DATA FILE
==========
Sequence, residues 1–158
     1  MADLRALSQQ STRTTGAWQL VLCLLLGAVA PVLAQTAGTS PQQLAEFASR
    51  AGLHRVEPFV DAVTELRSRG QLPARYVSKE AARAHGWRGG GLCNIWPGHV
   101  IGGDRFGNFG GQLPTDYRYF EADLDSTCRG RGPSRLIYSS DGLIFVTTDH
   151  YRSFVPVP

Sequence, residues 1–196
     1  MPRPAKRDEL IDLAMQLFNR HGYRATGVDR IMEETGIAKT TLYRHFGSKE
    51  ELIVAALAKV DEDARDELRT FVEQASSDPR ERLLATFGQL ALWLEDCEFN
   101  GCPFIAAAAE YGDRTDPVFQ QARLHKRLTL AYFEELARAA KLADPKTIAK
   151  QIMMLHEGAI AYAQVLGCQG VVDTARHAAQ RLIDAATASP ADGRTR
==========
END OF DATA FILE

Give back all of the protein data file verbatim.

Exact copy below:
Sequence, residues 1–158
     1  MADLRALSQQ STRTTGAWQL VLCLLLGAVA PVLAQTAGTS PQQLAEFASR
    51  AGLHRVEPFV DAVTELRSRG QLPARYVSKE AARAHGWRGG GLCNIWPGHV
   101  IGGDRFGNFG GQLPTDYRYF EADLDSTCRG RGPSRLIYSS DGLIFVTTDH
   151  YRSFVPVP

Sequence, residues 1–196
     1  MPRPAKRDEL IDLAMQLFNR HGYRATGVDR IMEETGIAKT TLYRHFGSKE
    51  ELIVAALAKV DEDARDELRT FVEQASSDPR ERLLATFGQL ALWLEDCEFN
   101  GCPFIAAAAE YGDRTDPVFQ QARLHKRLTL AYFEELARAA KLADPKTIAK
   151  QIMMLHEGAI AYAQVLGCQG VVDTARHAAQ RLIDAATASP ADGRTR